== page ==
[0082] The first periodic signal estimator 120 is configured as already given with reference to FIG. 1 and the second periodic signal estimator 220 comprises the same type of components organized in the same way. Only difference between the two is the parameter settings as will be further discussed below.

[0083] Equivalently the first adaptively filtered processor 121 is configured as already given with reference to FIG. 1 and the second adaptively filtered processor 221 comprises the same type of components organized in the same way. Only difference between the two is the parameter settings as will be further discussed below.

[0084] The advantageous effect obtained with the embodiment according to FIG. 2 may be best understood by considering how to determine the optimal value of the delay D in the embodiment according to FIG. 1. The value of the delay D has consequences both for the adaptive filtering and for the processing that is carried out in the third branch.

[0085] The adaptive filters seek to suppress signal components without a significant auto-correlation for a lag larger than D, and consequently more signal components will be allowed to pass through the adaptive filters in case a shorter D is selected. However, D is also determined by the delay from the analysis filter bank 110, the signal processing 111 and the synthesis filter bank 112, and a consequence of a shorter D will normally be that the frequency resolution of the filter bank has to be reduced accordingly.

[0086] Thus a relatively large value of D can provide improved signal processing due to the improved frequency resolution of the filter bank. This is especially true when the signal processing comprises speech enhancement or noise suppression. However, this beneficial effect comes at the cost that a relatively small part of the signal components are allowed to pass through the adaptive filter.

[0087] Thus the embodiment of the invention according to FIG. 1 presents a tradeoff that must be determined in some way. However, this tradeoff may be softened using the embodiment of FIG. 2, wherein two sets of a periodic signal estimator 120 and 220 and a corresponding adaptively filtered processor 121 and 221 are operated in cascade, and wherein the first periodic signal estimator 120 and the first adaptively filtered processor 121 operate based on a delay D1 that is set to 5 milliseconds and wherein the second periodic signal estimator 220 and the second adaptively filtered processor 221 operates based on a delay D2 that is set to 3 milliseconds.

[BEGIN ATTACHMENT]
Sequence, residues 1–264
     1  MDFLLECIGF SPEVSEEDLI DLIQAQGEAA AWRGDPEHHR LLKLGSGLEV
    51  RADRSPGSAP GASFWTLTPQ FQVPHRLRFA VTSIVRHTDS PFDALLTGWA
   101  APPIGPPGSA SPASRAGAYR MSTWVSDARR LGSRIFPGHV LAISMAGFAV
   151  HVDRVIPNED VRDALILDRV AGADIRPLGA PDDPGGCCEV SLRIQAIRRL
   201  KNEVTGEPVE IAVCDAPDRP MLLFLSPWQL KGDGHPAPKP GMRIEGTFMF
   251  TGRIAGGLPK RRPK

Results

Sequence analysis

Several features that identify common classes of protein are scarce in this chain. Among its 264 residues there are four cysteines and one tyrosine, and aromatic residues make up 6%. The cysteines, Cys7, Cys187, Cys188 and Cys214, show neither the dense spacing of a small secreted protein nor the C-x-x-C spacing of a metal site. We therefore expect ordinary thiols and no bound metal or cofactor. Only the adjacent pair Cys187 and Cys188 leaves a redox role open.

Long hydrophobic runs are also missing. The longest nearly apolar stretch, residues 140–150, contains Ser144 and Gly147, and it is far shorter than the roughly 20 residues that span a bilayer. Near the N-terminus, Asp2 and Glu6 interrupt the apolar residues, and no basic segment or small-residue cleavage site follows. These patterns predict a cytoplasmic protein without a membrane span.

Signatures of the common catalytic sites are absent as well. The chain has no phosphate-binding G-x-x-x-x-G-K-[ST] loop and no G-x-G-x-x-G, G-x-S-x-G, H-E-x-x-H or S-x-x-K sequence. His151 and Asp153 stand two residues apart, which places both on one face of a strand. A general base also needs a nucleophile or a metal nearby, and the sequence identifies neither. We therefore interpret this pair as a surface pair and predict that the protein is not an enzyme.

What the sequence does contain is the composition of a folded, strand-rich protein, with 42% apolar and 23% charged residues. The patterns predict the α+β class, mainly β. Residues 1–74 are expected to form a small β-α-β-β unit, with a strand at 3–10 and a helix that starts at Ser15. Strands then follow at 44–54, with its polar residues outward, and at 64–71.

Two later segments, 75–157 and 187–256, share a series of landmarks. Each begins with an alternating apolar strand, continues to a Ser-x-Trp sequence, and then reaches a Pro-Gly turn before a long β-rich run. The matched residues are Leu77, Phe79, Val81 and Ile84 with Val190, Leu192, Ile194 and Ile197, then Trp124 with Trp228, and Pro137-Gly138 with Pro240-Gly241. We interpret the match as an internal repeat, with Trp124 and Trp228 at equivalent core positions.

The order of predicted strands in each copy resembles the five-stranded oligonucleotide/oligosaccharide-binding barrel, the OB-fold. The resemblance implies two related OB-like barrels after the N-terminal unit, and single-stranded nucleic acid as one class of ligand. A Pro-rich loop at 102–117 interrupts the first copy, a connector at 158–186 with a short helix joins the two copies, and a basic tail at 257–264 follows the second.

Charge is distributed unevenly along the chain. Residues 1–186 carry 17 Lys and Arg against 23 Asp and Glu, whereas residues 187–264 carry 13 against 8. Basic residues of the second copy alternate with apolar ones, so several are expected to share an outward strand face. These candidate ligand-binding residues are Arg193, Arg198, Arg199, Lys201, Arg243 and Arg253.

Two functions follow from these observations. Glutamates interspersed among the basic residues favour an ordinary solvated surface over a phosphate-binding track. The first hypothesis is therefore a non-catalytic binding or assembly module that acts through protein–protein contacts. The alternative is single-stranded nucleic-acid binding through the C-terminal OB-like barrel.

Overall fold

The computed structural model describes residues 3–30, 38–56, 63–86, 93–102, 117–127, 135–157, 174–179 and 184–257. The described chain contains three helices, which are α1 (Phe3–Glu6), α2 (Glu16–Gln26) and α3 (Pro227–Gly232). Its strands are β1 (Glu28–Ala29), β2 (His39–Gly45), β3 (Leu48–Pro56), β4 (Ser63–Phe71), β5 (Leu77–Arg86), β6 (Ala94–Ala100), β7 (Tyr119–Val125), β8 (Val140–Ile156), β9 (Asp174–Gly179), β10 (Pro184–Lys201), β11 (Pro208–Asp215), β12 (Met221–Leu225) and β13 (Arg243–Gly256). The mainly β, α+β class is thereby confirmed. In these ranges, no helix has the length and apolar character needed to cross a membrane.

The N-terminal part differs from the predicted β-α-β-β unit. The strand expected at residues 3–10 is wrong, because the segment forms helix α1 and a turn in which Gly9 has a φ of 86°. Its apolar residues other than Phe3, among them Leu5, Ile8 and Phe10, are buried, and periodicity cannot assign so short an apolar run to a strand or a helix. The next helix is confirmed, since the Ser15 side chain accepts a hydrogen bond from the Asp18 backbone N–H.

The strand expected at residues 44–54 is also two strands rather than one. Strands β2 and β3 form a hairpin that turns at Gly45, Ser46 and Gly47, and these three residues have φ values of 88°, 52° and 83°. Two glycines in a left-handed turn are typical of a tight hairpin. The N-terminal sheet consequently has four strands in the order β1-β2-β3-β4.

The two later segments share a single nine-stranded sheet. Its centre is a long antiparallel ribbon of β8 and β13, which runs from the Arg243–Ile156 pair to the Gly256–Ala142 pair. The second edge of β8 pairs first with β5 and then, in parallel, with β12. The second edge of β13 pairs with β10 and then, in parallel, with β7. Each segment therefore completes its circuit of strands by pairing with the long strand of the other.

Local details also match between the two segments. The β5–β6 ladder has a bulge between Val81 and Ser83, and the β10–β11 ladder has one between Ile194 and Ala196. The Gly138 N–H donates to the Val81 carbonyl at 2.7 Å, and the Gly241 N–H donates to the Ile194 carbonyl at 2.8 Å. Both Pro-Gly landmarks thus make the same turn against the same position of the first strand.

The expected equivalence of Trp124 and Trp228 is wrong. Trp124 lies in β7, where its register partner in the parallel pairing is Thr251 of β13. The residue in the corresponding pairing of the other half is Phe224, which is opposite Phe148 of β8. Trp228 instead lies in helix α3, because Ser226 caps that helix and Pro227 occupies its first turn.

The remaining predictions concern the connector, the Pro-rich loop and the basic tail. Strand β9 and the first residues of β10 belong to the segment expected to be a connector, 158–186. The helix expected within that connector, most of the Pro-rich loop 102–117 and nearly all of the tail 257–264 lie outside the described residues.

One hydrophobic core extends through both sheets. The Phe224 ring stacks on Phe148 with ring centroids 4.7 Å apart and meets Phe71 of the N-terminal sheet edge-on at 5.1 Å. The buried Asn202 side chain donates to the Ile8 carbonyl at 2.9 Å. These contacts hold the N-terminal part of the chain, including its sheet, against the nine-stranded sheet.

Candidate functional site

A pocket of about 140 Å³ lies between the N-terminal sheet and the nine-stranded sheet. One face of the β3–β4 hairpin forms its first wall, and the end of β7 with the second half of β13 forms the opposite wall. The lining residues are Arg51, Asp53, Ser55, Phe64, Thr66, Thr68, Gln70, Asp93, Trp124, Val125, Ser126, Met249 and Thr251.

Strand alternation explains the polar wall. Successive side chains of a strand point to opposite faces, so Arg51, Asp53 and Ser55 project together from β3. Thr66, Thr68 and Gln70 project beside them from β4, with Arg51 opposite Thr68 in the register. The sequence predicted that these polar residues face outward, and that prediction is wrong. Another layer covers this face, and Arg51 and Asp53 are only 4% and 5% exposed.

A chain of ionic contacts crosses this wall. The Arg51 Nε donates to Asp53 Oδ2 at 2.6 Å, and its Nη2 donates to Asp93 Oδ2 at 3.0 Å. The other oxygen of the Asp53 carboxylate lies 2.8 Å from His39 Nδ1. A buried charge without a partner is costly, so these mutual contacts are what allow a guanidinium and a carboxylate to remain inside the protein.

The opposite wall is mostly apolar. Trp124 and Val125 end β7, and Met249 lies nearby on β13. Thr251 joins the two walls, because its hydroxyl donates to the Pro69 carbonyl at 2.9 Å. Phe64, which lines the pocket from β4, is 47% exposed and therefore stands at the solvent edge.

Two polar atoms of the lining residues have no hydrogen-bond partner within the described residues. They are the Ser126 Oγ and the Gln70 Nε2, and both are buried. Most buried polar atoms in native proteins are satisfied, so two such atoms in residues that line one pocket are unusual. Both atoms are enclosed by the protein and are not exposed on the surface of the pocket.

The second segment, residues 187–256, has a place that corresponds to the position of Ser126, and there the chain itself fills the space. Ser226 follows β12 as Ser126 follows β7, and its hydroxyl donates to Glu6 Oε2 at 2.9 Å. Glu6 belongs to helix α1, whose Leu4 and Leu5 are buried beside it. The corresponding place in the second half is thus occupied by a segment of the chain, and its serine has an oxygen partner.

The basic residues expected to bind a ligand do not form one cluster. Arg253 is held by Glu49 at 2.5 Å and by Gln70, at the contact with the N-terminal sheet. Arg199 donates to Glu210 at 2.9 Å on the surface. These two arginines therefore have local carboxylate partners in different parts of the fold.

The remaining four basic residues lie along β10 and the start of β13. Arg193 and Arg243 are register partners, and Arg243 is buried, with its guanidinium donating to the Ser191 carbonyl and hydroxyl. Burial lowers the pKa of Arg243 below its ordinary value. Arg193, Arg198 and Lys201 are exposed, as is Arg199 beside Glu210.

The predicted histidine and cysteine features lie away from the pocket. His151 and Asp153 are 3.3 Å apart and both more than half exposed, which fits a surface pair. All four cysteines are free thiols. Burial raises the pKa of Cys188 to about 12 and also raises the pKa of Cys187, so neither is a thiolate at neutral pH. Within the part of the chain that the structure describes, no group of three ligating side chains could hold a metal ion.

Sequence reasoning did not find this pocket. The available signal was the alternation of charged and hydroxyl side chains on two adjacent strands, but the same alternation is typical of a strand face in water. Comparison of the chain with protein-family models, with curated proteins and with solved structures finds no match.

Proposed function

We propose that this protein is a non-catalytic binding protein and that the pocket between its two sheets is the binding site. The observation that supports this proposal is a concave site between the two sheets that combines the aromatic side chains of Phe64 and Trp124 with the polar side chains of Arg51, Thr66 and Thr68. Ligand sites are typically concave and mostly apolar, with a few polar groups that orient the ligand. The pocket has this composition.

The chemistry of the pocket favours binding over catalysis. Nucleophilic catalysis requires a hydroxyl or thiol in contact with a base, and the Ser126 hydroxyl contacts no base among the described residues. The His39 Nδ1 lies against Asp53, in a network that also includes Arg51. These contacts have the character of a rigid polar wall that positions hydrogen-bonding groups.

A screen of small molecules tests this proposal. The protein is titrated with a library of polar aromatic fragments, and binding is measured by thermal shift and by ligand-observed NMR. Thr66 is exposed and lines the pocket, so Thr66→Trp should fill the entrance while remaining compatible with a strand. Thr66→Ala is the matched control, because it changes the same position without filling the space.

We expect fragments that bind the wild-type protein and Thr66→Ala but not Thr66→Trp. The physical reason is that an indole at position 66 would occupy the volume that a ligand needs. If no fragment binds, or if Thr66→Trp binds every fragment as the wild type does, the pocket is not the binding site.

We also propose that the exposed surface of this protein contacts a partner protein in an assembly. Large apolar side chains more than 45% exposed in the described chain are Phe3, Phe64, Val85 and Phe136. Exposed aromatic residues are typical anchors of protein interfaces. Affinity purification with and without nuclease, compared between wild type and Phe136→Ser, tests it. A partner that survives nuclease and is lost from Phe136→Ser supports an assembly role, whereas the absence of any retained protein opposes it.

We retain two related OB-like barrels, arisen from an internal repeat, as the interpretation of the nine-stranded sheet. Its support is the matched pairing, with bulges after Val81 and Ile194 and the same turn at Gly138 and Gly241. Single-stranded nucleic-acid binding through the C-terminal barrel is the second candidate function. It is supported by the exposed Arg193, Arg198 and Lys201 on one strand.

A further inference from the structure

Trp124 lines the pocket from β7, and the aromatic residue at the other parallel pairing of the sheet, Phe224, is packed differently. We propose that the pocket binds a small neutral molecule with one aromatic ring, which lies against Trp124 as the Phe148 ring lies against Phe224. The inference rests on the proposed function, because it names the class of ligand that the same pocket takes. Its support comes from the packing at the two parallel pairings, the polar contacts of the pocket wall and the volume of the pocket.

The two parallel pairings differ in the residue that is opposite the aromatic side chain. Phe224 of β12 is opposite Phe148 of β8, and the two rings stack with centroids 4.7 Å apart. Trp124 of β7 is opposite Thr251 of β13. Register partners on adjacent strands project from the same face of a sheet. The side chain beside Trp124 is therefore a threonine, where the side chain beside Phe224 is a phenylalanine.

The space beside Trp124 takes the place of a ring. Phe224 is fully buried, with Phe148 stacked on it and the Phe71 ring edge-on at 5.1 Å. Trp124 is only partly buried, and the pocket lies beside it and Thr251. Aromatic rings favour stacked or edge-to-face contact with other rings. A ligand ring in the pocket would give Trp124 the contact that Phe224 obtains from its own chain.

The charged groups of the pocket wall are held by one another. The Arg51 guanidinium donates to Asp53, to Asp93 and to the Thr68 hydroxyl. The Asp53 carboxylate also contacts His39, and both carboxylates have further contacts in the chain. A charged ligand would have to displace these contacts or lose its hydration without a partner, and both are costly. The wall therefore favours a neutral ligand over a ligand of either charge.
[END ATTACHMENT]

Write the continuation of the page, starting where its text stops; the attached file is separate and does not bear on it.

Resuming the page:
[0088] In variations the delay D1 may be in the range between 4 and 10 milliseconds and the delay D2 may be in the range between 2 and 4 milliseconds.

[0089] According to the embodiment of FIG. 2 the input signal from the microphone 101 is branched in the first node 102 and provided to the first periodic signal estimator 120 and to the first adaptively filtered processor 121

[0090] The output signal from the first periodic signal estimator 120 comprises the stochastic signal components, i.e. the signal components that have a periodicity shorter than D1. The output signal from the first periodic signal estimator 120 is branched in the second node 202 and provided to the second periodic signal estimator 220 and to the second adaptively filtered processor 221.

[0091] Consequently the output signal from the second periodic signal estimator 220 will comprise only the stochastic signal components that have a periodicity shorter than D2. The output signal from the second periodic signal estimator 220 will typically be dominated by noise, transient signals and onsets like short bursts and plosives in speech. The output signal from the second periodic signal estimator 220 consists of components that only have a significant auto-correlation for lags smaller than D1 and D2, which means that the power spectral density of these components will be relatively flat. Therefore the inventors have found that the output signal from the second periodic signal estimator 220 may be processed by applying a broadband gain using the broadband gain multiplier 204 and wherein the broadband gain is determined by the broadband gain calculator 203, hereby providing a processed stochastic signal.

[0092] It is well known within the art of hearing aid systems that the stochastic signal will be dominated by noise and transients but also comprises short noise like speech components such as /s/ and /t/. One approach is therefore to generally reduce the stochastic signal level and then increase the stochastic signal level when speech components are detected. However, in a variation it may be selected to only apply a constant negative gain, but this will probably have a negative impact on the speech intelligibility.

[0093] The output signals from the first and second adaptively filtered processors 121 and 221 are added together in the first summing unit 205 and subsequently added with the processed stochastic signal in second summing unit 206.

[0094] The output from the second summing unit 206 may be directed to the hearing aid receiver or may undergo further processing before that, as already discussed with reference to the embodiment of FIG. 1.